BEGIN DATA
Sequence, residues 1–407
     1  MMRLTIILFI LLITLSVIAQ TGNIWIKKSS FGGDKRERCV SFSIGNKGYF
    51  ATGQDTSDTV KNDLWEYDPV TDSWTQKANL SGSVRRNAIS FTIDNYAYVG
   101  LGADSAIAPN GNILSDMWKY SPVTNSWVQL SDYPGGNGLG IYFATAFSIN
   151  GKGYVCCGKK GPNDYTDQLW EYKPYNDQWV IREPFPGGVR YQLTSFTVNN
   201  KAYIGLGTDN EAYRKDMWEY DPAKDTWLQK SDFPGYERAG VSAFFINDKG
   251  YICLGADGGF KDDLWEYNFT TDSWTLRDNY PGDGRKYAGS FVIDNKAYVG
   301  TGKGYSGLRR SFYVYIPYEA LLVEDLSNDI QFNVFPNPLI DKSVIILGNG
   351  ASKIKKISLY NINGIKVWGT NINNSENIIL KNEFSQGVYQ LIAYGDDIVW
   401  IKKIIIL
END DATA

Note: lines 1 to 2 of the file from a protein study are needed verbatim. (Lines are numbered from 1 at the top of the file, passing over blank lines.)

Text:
Sequence, residues 1–407
     1  MMRLTIILFI LLITLSVIAQ TGNIWIKKSS FGGDKRERCV SFSIGNKGYF